- taṁ baddhaṁ vāruṇaiḥ pāśair
- bhagavān āha vāmanaḥ
- naṣṭa-śriyaṁ sthira-prajñam
- udāra-yaśasaṁ nṛpa
tam—unto him; baddham—who was so arrested; vāruṇaiḥ pāśaiḥ—by the ropes of Varuṇa; bhagavān—the Supreme Personality of Godhead; āha—said; vāmanaḥ—Vāmanadeva; naṣṭa-śriyam—unto Bali Mahārāja, who had lost his bodily luster; sthira-prajñam—but was all the same determined in his decision; udāra-yaśasam—the most magnanimous and celebrated; nṛpa—O King.
O King, the Supreme Personality of Godhead, Vāmanadeva, then spoke to Bali Mahārāja, the most liberal and celebrated personality whom He had arrested with the ropes of Varuṇa. Bali Mahārāja had lost all bodily luster, but he was nonetheless fixed in his determination.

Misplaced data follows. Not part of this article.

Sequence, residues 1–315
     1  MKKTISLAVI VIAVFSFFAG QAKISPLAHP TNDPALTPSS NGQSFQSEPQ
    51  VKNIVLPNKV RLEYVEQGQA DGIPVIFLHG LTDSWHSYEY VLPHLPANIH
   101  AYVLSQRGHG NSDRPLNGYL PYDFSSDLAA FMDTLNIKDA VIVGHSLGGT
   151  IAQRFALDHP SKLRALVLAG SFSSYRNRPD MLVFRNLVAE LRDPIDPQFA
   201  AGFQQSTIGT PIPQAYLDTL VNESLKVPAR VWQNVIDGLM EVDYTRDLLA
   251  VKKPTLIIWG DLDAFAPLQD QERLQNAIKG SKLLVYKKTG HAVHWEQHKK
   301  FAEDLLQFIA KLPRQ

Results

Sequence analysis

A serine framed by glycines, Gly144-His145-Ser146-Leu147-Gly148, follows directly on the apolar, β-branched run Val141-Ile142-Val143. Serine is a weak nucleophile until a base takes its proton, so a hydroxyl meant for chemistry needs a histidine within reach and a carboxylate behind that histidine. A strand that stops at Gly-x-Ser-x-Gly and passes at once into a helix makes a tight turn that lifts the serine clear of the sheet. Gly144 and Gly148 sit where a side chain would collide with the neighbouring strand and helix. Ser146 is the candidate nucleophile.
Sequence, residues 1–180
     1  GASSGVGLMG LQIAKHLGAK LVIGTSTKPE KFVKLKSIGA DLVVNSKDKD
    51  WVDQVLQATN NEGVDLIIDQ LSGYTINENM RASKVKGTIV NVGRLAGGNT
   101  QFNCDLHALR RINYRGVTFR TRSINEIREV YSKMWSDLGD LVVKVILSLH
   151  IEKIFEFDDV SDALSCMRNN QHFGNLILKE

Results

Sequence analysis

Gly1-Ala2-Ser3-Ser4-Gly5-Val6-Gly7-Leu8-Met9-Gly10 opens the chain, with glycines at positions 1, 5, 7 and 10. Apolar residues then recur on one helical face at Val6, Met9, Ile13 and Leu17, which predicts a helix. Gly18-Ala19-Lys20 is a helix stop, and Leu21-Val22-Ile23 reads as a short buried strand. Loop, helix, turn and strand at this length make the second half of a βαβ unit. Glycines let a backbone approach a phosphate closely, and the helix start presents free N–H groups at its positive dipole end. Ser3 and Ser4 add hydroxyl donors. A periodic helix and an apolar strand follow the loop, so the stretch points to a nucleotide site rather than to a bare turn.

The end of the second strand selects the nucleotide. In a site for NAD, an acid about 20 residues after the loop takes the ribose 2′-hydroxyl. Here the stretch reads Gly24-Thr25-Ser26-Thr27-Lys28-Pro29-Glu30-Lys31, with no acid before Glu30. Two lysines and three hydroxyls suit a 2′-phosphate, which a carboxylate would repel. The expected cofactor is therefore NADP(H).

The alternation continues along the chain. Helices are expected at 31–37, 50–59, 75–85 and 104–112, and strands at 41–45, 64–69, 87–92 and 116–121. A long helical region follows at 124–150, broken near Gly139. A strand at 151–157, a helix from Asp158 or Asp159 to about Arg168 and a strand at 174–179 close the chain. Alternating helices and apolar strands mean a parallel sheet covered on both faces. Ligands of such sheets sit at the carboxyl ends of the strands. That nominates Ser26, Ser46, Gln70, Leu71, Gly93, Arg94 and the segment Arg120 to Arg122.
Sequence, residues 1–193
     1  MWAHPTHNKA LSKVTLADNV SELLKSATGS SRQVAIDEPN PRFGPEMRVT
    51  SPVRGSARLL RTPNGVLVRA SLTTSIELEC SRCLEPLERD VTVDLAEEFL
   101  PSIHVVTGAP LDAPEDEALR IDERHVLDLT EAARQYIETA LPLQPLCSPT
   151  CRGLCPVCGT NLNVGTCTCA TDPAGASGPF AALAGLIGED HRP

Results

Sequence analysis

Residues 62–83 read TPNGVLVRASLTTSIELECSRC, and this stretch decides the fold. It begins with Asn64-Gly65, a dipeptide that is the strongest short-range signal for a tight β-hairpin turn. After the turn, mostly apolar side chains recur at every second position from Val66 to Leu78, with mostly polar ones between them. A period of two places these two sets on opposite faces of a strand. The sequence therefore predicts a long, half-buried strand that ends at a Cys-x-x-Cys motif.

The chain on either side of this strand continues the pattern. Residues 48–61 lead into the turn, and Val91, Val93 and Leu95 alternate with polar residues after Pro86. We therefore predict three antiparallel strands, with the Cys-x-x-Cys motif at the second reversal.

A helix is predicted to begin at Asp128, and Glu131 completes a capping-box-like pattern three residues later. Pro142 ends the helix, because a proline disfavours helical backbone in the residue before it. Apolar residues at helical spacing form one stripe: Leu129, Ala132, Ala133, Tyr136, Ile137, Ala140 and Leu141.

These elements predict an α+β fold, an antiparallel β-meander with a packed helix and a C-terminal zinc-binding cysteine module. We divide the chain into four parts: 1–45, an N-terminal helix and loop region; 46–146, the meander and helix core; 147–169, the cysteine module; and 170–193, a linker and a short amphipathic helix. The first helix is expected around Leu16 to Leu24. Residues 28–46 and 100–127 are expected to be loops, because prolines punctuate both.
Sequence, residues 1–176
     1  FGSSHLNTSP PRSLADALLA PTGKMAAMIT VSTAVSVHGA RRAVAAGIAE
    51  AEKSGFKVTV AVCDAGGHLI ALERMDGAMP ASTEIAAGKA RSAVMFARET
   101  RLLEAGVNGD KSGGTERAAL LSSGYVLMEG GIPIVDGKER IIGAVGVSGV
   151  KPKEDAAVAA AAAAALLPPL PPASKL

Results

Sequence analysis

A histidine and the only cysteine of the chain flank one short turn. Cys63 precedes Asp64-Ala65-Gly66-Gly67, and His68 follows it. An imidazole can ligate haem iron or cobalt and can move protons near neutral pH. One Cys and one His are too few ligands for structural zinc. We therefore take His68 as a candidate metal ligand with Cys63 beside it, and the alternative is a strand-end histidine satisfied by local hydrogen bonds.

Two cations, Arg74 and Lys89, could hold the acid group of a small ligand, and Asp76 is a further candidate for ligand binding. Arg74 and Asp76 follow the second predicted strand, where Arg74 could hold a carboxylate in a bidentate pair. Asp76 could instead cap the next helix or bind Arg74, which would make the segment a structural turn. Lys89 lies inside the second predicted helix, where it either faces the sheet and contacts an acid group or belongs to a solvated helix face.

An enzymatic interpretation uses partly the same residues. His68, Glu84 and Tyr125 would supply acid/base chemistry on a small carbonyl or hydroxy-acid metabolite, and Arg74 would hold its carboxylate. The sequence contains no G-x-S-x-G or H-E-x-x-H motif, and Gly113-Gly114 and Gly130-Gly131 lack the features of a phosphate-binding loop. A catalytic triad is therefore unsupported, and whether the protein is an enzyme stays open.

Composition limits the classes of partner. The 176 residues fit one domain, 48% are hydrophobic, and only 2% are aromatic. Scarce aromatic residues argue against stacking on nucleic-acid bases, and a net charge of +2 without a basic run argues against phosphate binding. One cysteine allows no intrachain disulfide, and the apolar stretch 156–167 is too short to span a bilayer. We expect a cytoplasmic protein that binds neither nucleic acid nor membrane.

When one is bereft of all his possessions, he is certainly reduced in bodily luster. But although Bali Mahārāja had lost everything, he was fixed in his determination to satisfy Vāmanadeva, the Supreme Personality of Godhead. In Bhagavad-gītā, such a person is called sthita-prajña. A pure devotee is never deviated from the service of the Lord, despite all difficulties and impediments offered by the illusory energy. Generally men who have wealth and opulence are famous, but Bali Mahārāja became famous for all time by being deprived of all his possessions. This is the special mercy of the Supreme Personality of Godhead toward His devotees. The Lord says, yasyāham anugṛhṇāmi hariṣye tad-dhanaṁ śanaiḥ (SB 10.88.8). As the first installment of His special favor, the Lord takes away all the possessions of His devotee. A devotee, however, is never disturbed by such a loss. He continues his service, and the Lord amply rewards him, beyond the expectations of any common man.